How to Show Hospitality In Spite of COVID-19


Though much of the South is riding the coaster of the fourth COVID-19 wave, here are 9 ways to show kindness and hospitality during the ongoing pandemic.

Can we all agree that the world could use a little more kindness these days? Between politics and pandemics, the strings of our mama hearts have been pulled and tugged and stretched for months on end. We have all witnessed suffering and sickness on some level—many of us from the front lines of our jobs or from family or friends we know who have been stricken with COVID-19.

Hospitality during Covid-19

And while we may not all agree on politics and vaccines, the past 18 months have taught us that community matters.

Fellowshipping with friends and family matters.
Sharing our personal victories and losses with others matters.
Offering a sense of place and belonging to those around us matters.

Until COVID-19, I will admit, I took my community for granted. It was a prime example of not realizing how much you value something until it’s gone. Many of us—along with our kids—were forced to adapt with one Zoom meeting after another. It wasn’t perfect, but we made do.

Finally, this past spring and summer, we began to move forward into normalcy. Virus cases began to decrease as warmer temperatures increased. We spent the warmer months frolicking with friends poolside. We sent our kids to fun-filled summer camps. We finally took those vacations we’d postponed the summer before.

And then the virus changed course again.

Now, as much of the South is riding the up and down coaster of the fourth Covid-19 wave, many of us are mourning the taste of freedom we enjoyed earlier this summer before school began.

The new pandemic developments have given me pause as I consider my social plans for this fall. My personal calling is to practice habitual hospitality, and these new COVID-19 developments put a kink in my plans as I ponder how to welcome others in my community while being mindful of their health.

Part of me wants to pull back and retreat—what many of us did when COVID-19 entered the scene 18 months ago. But retreating is not the answer. If anything, those in my community need support now more than ever. They need me to show kindness, not fear. My kids need to see me show kindness, not fear.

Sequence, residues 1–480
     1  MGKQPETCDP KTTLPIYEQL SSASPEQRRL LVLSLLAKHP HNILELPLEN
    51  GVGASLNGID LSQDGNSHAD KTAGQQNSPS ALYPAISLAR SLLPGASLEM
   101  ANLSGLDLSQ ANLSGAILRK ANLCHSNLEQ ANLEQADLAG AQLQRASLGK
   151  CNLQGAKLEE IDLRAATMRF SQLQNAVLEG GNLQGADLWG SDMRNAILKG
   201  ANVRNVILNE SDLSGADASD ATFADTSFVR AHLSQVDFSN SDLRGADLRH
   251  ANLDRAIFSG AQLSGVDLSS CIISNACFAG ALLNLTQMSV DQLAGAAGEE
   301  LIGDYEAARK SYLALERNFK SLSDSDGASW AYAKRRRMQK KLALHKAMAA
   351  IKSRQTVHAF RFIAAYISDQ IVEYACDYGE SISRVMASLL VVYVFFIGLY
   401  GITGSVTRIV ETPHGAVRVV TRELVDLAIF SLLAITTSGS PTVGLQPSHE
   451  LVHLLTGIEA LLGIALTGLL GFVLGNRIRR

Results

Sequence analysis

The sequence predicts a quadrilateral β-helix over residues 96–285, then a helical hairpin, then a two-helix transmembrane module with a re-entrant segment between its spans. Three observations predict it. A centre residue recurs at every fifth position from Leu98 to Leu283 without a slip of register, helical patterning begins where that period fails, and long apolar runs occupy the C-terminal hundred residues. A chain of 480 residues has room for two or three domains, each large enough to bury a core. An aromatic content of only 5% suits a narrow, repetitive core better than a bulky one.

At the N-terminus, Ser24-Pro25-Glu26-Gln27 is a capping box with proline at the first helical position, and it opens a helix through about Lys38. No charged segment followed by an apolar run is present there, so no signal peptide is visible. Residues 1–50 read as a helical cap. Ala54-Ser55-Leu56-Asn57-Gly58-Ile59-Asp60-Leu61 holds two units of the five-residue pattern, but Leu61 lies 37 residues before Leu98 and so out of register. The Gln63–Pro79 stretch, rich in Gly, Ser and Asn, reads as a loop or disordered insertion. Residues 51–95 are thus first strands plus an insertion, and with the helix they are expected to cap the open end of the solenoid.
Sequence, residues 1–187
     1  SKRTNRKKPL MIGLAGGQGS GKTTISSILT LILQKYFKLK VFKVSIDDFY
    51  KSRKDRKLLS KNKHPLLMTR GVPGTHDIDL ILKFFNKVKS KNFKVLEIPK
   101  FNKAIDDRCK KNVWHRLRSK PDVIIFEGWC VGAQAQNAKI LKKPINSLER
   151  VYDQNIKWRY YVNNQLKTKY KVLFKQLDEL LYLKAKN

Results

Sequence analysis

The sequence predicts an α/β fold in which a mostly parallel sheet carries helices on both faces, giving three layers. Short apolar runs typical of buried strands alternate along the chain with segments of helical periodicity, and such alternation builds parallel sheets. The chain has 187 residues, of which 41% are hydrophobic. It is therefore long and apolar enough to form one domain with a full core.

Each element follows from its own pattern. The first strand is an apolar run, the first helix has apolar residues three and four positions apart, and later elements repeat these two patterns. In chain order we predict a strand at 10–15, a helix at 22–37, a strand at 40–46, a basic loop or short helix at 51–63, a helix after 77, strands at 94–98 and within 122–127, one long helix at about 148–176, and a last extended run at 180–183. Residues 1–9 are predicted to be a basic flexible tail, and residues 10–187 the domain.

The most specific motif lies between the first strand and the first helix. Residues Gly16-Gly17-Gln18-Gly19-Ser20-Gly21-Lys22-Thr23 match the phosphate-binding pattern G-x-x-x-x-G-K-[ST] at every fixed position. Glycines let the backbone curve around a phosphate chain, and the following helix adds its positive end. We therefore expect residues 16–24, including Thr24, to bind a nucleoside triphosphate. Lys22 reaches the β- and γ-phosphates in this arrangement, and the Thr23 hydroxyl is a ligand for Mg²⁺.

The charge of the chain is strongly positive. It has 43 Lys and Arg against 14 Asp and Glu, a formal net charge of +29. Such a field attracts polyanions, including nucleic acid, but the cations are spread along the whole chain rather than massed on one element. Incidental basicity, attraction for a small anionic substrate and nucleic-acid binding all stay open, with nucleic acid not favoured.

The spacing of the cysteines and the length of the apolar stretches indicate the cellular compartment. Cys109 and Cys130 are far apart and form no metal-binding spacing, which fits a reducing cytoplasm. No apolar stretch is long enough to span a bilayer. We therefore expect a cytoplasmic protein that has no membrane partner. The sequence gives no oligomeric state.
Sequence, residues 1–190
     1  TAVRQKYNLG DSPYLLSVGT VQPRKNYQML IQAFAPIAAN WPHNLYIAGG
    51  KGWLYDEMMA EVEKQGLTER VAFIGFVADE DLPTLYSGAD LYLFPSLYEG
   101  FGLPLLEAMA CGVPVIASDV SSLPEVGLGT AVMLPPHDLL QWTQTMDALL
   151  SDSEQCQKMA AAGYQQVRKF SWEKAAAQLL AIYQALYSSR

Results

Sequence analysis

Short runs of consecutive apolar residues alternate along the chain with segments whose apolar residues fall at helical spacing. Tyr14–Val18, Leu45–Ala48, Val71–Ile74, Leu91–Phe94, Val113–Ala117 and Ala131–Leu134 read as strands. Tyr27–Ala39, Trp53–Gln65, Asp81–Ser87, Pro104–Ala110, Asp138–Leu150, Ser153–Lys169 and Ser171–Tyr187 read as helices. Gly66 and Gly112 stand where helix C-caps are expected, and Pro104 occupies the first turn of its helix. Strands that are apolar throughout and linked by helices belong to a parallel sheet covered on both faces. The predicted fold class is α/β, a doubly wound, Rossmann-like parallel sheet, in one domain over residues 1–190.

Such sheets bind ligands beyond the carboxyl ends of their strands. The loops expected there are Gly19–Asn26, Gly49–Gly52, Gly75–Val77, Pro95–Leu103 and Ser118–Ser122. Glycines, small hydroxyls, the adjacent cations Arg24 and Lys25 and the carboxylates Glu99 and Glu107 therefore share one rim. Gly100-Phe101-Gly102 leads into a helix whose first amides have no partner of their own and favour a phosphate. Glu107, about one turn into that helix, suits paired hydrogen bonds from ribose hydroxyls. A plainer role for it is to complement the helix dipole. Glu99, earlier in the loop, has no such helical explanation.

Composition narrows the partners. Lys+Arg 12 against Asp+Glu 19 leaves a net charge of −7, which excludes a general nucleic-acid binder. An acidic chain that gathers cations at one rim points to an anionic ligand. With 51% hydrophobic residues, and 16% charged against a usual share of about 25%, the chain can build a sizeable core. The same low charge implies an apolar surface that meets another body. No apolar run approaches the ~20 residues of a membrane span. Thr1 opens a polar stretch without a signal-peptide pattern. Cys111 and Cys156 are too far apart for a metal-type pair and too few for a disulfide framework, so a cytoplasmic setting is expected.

Related: Our Light Always Shines Brightest When Times are Dark

So instead of focusing on everything I can’t do, I’ll focus on welcoming others and offering connection in more unique (some might say antiquated) ways—ways that almost all of us can carry out in some capacity.

handwritten note hospitality covid-19

Ways to Show Hospitality In Spite of Covid-19

Send a handwritten note. Snail mail may not be as popular as text messages, but it sure does make a big impact on others when they know you took the time to pen a message of encouragement, hope, condolence, or thanks. This is one of the simplest ways to reach out and show kindness to those in your community.

Host outdoor dinners. Fall is the perfect time of year to enjoy dinner with friends outside. As the mosquitos and heat retreat, fire up your grill or warm-up chili in the crockpot for all attendees to enjoy as socially distanced as they prefer. We gather up our patio chairs, folding table and chairs, and picnic table so that there are seats for everyone.

Gift fresh flowers. Dropping off a simple bouquet of flowers at the home of someone in your community can say so much without any words. Grab a simple bouquet at your nearest grocery store, pick seasonal flowers from your yard or arrange a planter of flowers from your local hardware store. For most women, the surprise of flowers will boost their mood in a split second.